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Old 03-09-2018, 09:15 AM
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Default GLM ? - time variable

If using 'year' or any other datetime variable as a control for trends/development/etc., do you include it as an actual variable and then ignore the output with respect to relativities, or use it as an offset so that there's no output to begin with? The couple texts I've read aren't specifically clear, and the two approaches appear to provide different results. In the particular sample data I'm working with the deviance is almost halved by using it as a variable as opposed to an offset, so that makes sense in this particular case, but I can't find anything to specify if it is generally better to do it one way vs. the other.
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Old 03-09-2018, 09:41 AM
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When you way "use it as an offset," do you mean use the actual time variable itself (such as accident year) as the offset, or a factor that reflects the assumed effect of time (e.g., the development factor multiplied by trend factor) as the offset? If the former, that's wrong -- an offset constrains the coefficient on the variable to be one, and there's no reason your target variable should vary directly with time. If the latter, and your deviance is halved when you use time as a variable, there's probably some major deficiency in your assumed trend/development factors you may want to look into.

Best approach IMO is to use time as a variable to control for time-related effects (so they don't affect your other modeled relativities) and ignore the output.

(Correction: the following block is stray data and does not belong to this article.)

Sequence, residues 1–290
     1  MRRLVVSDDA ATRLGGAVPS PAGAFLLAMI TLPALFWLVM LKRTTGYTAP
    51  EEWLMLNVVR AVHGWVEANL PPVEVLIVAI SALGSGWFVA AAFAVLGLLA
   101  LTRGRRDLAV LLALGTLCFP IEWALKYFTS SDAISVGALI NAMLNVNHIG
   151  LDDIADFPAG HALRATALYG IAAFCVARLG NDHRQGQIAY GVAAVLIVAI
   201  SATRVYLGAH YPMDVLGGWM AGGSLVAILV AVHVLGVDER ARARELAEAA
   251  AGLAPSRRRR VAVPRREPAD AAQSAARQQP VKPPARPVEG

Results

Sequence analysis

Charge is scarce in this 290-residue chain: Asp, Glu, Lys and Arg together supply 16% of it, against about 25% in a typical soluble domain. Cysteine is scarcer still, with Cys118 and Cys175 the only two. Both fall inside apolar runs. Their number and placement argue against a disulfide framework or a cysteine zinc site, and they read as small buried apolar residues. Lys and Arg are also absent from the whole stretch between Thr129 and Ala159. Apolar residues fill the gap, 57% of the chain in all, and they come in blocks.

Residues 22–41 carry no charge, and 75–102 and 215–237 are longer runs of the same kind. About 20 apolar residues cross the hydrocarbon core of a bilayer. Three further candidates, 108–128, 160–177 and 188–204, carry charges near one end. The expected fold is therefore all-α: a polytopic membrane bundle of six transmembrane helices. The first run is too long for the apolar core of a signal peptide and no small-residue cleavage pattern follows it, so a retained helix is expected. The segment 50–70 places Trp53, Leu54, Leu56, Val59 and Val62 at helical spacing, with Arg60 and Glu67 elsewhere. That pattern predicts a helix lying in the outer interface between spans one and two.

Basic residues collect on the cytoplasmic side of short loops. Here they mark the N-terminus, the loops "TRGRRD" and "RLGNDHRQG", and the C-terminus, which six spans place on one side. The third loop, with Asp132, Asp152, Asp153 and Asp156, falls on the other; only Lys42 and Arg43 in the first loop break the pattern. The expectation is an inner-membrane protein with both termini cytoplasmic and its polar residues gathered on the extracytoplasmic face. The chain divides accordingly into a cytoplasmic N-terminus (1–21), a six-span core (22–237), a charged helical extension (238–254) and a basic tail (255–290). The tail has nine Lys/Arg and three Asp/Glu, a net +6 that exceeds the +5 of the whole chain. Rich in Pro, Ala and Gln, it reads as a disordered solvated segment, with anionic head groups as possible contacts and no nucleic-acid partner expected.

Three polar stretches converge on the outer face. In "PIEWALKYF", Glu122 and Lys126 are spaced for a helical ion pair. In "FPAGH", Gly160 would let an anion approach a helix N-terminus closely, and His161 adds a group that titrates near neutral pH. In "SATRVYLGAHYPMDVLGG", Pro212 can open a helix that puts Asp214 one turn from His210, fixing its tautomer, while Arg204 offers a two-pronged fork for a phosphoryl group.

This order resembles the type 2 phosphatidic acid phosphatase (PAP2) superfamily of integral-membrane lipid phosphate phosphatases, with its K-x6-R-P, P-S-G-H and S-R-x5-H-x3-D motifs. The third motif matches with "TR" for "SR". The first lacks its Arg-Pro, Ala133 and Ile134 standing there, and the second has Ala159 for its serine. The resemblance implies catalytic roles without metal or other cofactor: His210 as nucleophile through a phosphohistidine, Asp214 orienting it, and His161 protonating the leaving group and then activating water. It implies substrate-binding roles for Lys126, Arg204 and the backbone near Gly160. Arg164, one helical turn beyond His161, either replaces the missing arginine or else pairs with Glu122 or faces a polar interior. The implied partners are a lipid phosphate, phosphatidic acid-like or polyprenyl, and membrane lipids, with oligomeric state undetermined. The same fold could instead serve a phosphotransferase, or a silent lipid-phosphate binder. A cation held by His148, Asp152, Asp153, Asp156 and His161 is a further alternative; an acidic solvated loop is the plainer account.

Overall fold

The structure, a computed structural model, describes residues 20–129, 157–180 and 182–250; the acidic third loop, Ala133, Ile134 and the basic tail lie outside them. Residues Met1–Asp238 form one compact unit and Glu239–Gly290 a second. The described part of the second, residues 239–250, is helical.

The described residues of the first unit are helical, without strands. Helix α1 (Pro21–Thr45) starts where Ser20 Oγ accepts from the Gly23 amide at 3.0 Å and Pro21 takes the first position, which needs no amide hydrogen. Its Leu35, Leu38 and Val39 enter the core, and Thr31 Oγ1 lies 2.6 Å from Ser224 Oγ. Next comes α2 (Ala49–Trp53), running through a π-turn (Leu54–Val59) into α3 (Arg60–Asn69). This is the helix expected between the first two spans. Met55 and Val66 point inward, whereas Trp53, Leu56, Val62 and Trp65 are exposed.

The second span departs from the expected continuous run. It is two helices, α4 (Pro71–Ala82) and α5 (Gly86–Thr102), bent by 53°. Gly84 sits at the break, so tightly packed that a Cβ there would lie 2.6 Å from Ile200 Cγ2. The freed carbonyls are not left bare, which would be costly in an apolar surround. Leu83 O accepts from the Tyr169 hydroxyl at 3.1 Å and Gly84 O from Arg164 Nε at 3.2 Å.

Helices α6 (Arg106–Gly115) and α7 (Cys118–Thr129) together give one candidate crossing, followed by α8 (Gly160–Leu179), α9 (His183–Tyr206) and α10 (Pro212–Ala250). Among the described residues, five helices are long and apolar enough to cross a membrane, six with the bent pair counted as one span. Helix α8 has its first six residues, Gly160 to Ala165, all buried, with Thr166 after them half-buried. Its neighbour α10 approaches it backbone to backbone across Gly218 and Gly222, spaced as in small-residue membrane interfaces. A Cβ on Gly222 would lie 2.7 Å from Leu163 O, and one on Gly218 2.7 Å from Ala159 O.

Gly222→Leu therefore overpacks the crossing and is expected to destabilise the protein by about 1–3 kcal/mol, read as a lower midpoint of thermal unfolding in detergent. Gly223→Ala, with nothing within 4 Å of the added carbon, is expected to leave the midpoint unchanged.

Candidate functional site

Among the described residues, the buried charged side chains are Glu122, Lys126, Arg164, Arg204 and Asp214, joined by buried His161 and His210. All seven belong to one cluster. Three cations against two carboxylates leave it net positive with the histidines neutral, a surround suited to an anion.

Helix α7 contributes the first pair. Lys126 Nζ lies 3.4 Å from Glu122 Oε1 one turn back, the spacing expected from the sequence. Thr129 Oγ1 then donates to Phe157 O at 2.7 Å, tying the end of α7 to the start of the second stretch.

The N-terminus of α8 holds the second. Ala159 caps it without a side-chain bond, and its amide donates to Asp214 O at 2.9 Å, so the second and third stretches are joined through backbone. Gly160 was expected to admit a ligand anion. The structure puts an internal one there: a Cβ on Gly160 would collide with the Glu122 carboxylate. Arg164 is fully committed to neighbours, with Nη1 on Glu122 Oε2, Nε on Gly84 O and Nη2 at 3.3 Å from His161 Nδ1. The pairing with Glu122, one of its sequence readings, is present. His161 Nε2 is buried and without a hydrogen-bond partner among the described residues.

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Old 03-09-2018, 09:58 AM
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Got it. Was doing the former, and your explanation makes sense. I'm assuming it should be logged as a 'continuous variable' as well? (tweedie w/ log link)

Some of my results still look weird: intercept almost 0 (2e-29), with the 'year' coefficient being relatively large. This makes it difficult to map the coefficients to the fitted values, even though the remaining relativities make sense. Does it make sense to use 'year-2000', 'year/earliest year' or some other transform to temper that variation?
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Old 03-09-2018, 11:26 AM
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Include year as a categorical variable. It may make sense to then model year continuously if the coefficients from the categorical approach show some simple monotonic linear effect of year, but chances are they won't.
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Old 03-09-2018, 11:29 AM
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Originally Posted by ALivelySedative View Post
Got it. Was doing the former, and your explanation makes sense. I'm assuming it should be logged as a 'continuous variable' as well? (tweedie w/ log link)